What does SSSS on your boarding pass mean?


Travelling by air - then take a look at your boarding pass and hope you don’t find SSSS printed on it. Here’s what it means and why it could signal big problems for your flight.

SSSS code on a boarding passFinding an SSSS code on your boarding pass could spell trouble for your trip (Credit: Definitelynotdodgy)

What is an SSSS boarding pass code and what does it mean?

The code only applies to travellers flying to and from the US. The SSSS code stands for “Secondary Security Screening Selection’. It is also obligatory for all passengers from certain countries. 

How does the SSSS affect my flight and how long does it delay me by?

Travellers with SSSS printed on their boarding pass have been selected for extra security screening by airport security. This means measures such as searches of hand luggage, pat-downs and being subject to scanners. Passengers will be swabbed for residue of illegal substances – such as drugs or explosives. It’s likely the passenger will also face additional questioning over travel plans and previous trips. Making sure you arrive in good time for all flights to or from the US should mean the delays will be minimal. Travellers have reported the additional security measures that come with an SSSS code, will add between 15 and 45 minutes to the security check. 

Why would I get an SSSS code on my boarding pass?

The scheme was put in place by the US Transportation Security Administration (TSA) after the 911 attacks. It’s just one of the many mechanics in operation helping to make aviation safe for all of us. The use of the code is not just restricted to US airports or US travellers, anyone heading to or from the US could find an SSSS code printed on their boarding pass.

Reasons that could see passengers put on the SSSS list include:

  • Travelling on a one-way ticket
  • Paying for a ticket in cash
  • Simply being picked at random
  • Feature on a security watchlist

How can I check if I am going to get an SSSS code?

Passengers can’t check ahead, but it’s said that if the system prevents a traveller from printing their boarding pass in advance, then they may expect an SSSS on when it’s printed at the terminal. However, there is no official confirmation this is the case, and there are many other reason why it may not be possible to print a boarding card at home.
Another red flag that you might be about to receive an SSSS code on your boarding pass could be finding yourself unable to self check-in kiosks at the airport. However, once again, there could be other reasons for this, so don't panic just yet.

Should I be worried about getting an SSSS code on my boarding pass?

Providing the passenger has nothing to hide, the SSSS code will simply be an inconvenience that is likely to add 10-30 minutes to the transition through airport security. However, if you receive the same code the next time you fly, there is a good chance that you have found your way on to an official watchlist for some reason.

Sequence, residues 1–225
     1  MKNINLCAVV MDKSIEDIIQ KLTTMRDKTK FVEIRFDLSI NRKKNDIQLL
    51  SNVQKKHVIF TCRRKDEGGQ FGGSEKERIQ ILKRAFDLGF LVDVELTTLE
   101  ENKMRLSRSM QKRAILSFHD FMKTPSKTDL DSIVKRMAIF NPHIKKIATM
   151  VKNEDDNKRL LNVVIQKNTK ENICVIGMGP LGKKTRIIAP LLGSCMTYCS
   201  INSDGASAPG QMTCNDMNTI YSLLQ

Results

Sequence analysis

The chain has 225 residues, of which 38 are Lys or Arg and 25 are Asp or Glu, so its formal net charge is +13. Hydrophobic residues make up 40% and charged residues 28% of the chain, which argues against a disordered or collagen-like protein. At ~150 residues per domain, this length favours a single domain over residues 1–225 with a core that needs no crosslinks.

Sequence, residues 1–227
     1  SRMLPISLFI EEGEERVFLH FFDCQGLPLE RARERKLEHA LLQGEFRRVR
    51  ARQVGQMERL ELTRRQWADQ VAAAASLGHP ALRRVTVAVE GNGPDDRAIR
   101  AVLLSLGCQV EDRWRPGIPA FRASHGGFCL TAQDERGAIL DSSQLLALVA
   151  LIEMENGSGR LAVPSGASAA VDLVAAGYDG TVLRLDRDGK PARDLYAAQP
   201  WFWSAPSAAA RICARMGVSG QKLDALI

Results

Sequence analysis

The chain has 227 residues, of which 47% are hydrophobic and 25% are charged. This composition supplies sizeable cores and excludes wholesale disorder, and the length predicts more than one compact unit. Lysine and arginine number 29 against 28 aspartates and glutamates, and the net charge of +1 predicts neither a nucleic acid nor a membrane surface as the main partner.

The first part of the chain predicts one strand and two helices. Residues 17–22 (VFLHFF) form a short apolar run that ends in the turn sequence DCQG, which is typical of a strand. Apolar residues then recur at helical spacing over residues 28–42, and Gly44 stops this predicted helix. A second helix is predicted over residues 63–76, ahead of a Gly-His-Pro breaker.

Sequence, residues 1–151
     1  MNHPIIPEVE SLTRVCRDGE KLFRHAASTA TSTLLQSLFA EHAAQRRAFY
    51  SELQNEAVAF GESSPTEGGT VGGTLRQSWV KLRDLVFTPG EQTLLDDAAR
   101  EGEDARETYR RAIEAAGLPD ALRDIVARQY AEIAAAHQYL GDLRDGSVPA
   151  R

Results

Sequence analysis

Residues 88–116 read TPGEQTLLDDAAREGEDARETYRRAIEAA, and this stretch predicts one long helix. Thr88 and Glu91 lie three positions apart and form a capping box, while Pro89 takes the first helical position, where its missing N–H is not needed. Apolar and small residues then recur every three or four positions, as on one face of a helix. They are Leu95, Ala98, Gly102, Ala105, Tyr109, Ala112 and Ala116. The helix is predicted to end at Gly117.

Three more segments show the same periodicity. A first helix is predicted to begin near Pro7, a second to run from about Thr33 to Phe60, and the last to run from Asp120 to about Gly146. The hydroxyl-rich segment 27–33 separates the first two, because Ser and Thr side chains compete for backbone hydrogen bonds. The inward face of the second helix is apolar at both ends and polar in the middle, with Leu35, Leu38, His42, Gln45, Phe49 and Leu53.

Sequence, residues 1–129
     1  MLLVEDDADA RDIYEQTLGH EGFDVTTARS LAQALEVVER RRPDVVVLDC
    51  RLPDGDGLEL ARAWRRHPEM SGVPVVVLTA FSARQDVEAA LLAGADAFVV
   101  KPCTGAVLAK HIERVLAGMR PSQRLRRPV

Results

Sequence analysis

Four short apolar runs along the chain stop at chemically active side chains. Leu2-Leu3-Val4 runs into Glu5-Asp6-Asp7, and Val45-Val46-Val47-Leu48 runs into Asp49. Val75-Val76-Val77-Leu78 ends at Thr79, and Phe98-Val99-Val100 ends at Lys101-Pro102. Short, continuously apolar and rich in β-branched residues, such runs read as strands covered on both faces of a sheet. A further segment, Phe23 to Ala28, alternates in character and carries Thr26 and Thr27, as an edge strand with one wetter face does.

There are around 23,000 people on watchlists, according to Margaret Gilmore, an expert in counter-terrorism at the Royal United Services Institute (RUSI) in an interview with the BBC. You can't just ring up the security services and ask why, but it is unlikely that law-abiding travellers will find themselves on such a list. It is also worth remembering that British agencies will share their lists with trusted partners, explaining why you may find yourself with an SSSS code issued by the TSA.

Will I always get and SSSS code on my boarding card after having one?

If you find yourself on an official watchlist for some reason, it is likely that you will always see the SSSS code on your boarding card, meaning extra security scrutiny will be ongoing if travelling by air. However, if the code was just a random security check, then you should not expect to receive the same next time you fly. However, having had the SSSS once - and not being on a watchlist - does not automatically exclude you from ever having it appear again.

So, what should I do?

Just arrive up 30-40 minutes early, while remaining polite and patient. This should see you ready to fly with plenty of time to spare
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Author: Pete Barden:

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Pete Barden is a qualified journalist who has written and produced for publications including The Sun (thesun.co.uk), New Statesman Media Group, Whatcar? (Whatcar.com) Stuff Magazine (Stuff.tv), Fastcar Magazine (Fastcar.co.uk), Maxim Magazine and UK broadcast stations within the Heart network (Formerly GCAP). Pete specialises in motoring and travel content, along with news and production roles. You can find out more about Pete Barden on LinkedIn.

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